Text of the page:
there was no assimilation -nd- > -nn- in Galatian, so there is no independent
support for the aforementioned etymology *kondo-. At the present state of our
knowledge, nothing prevents us Irom tracing back to *komnko-,
perhaps meaning assembly, meeting, derived from *kom-no- common, and
roughly equatable with the Umbrian locative sg. kumnahkle place of assem-
bly, from Italic *komn-klo- (a secondary use oI the Indo-European suIfx oI
instrument *-tlo-) and with its basis *komno-, attested in Oscan COMENEI,
Umbrian kumne assembly.
Finally, the personal name , transmitted by Phylarchus, can be
brought to bear on this matter. It has been thoroughly studied by MOTTA (1985:
152) but overlooked by FREEMAN 2001. According to Motta, the name is cor-
rupted, since it hardly makes sense that a Galatian chieftain living in the last
decades of the third Century B.C., not long after the Galatian conquest, and who
was notable for giving a potlatch, should bear an Iranian name, which incid-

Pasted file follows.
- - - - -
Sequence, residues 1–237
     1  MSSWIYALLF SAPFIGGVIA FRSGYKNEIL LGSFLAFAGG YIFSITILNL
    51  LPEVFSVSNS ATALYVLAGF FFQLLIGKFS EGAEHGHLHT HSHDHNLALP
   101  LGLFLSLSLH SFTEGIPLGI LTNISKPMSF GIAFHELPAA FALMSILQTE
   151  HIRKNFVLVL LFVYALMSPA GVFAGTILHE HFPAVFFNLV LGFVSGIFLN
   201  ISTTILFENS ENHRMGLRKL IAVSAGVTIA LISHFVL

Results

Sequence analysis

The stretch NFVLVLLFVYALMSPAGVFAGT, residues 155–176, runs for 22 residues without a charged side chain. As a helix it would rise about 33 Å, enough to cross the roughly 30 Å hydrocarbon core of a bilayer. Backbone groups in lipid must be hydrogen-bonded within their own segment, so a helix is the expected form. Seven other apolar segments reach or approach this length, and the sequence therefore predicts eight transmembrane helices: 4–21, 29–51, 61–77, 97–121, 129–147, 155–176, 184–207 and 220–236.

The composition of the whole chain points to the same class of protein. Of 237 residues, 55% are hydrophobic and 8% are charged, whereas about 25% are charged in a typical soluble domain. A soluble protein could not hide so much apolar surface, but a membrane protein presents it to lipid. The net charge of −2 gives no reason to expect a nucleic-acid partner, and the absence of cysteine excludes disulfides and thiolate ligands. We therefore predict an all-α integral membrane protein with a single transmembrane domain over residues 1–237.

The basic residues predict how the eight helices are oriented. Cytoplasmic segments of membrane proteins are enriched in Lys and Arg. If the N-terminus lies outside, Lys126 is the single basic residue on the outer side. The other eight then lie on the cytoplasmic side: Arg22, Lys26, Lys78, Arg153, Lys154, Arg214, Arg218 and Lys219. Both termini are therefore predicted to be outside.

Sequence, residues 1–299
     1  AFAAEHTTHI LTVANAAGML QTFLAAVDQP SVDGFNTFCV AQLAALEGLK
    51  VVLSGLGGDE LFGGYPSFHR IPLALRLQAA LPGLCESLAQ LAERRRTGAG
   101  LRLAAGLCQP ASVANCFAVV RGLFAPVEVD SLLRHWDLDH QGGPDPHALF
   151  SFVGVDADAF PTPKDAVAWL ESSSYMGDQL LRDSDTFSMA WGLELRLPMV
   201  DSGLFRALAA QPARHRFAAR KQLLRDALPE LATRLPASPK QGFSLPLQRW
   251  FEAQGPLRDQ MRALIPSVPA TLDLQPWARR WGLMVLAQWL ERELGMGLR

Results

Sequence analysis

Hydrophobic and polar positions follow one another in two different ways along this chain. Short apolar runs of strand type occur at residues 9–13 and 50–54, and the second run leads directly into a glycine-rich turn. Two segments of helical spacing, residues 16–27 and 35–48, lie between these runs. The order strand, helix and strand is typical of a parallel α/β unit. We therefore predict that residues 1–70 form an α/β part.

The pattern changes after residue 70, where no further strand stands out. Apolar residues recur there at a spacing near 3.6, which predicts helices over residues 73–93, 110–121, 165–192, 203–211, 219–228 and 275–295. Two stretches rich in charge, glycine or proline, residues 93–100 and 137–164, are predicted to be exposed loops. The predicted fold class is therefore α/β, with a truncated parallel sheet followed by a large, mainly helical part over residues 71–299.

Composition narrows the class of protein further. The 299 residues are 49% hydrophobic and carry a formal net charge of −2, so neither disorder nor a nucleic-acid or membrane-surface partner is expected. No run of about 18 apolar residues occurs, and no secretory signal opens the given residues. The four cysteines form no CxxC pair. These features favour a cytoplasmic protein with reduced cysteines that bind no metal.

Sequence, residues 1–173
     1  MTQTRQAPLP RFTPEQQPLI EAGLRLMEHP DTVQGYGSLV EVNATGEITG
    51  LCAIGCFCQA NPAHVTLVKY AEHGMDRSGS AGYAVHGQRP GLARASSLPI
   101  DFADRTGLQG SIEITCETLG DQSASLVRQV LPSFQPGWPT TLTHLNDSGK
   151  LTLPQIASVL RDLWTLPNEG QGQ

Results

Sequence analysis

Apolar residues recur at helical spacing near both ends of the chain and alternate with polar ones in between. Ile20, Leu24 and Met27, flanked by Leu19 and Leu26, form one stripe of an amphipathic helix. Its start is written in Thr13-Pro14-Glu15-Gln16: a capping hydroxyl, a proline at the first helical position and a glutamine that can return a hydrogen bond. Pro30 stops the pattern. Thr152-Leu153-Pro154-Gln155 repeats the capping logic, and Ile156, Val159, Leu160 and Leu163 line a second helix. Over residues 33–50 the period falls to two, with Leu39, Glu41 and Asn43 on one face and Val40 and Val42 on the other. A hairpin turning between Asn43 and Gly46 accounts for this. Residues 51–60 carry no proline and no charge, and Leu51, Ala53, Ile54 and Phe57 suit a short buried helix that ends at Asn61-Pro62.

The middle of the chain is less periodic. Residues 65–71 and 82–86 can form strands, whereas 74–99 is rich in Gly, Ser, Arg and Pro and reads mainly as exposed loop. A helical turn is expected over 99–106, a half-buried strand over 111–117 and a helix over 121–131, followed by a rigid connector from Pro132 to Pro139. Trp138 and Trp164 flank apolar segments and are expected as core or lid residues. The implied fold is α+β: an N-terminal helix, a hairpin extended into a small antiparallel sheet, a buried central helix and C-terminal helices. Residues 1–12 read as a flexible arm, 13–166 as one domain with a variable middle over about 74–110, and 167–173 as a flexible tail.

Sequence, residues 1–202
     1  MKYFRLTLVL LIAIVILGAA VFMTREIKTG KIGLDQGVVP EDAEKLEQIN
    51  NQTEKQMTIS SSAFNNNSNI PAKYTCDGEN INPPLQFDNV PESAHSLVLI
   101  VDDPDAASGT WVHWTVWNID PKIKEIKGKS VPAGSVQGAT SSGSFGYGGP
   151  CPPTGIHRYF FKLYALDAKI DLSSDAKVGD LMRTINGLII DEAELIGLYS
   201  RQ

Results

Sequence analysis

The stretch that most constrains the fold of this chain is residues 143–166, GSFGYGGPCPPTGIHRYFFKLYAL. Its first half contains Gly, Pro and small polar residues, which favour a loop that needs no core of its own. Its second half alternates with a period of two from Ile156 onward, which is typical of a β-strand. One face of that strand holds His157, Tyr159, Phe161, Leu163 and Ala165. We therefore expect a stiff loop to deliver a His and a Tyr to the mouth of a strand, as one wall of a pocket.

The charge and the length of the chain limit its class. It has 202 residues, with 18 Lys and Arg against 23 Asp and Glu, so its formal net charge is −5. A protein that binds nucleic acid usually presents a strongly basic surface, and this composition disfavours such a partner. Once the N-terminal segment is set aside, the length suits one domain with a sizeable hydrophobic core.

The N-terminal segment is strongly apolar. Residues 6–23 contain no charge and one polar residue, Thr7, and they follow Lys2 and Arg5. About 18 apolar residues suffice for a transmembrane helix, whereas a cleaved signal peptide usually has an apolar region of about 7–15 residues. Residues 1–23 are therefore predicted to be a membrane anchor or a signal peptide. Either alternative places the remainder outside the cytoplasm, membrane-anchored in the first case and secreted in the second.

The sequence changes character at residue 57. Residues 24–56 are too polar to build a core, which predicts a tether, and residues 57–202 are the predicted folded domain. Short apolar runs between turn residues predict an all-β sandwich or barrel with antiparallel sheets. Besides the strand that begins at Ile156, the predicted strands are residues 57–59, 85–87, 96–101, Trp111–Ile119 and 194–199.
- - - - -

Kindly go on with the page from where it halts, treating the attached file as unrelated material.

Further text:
entally is attested no less than three times in Asia Minor.
Thus, he concludes
that is masking a Celtic name. Motta analyzes it as a compound of
the prefx are- and omno-/obno- fear, that must have resulted in something
like *Ariomanos or *Areomnos. As Hofeneder correctly points out, however, a
form Areomnos doesnt exist, and Gaulish Ariomanus is made up of different
elements (HOFENEDER 2005: 66 and fn. 308).
10 Which in this case at least must be phonetic, not merely graphic, since the form is attested
both epigraphically and in Strabo.
11 See a recent confrmation oI this etymology Ior Anokopokios in ESKA (2002: 255 and fn. 6)
12 See my account of the Celtiberian forms containing Celtic -g- in VILLAR & PRSPER (2005:
chapter V).
13 Its a syncopated variant of = Old Persian Ariyramna- der den Frieden der
Arier schafft, see MAYRHOFER (1979: II/11, 5), who doesnt mention the syncopated variant.
But Ariamnes is the name of two satraps of Cappadocia under the Persian rule (sixth and
fourth c. B.C.).
So, the idea that conceals an erstwhile Ariomanos is perhaps far-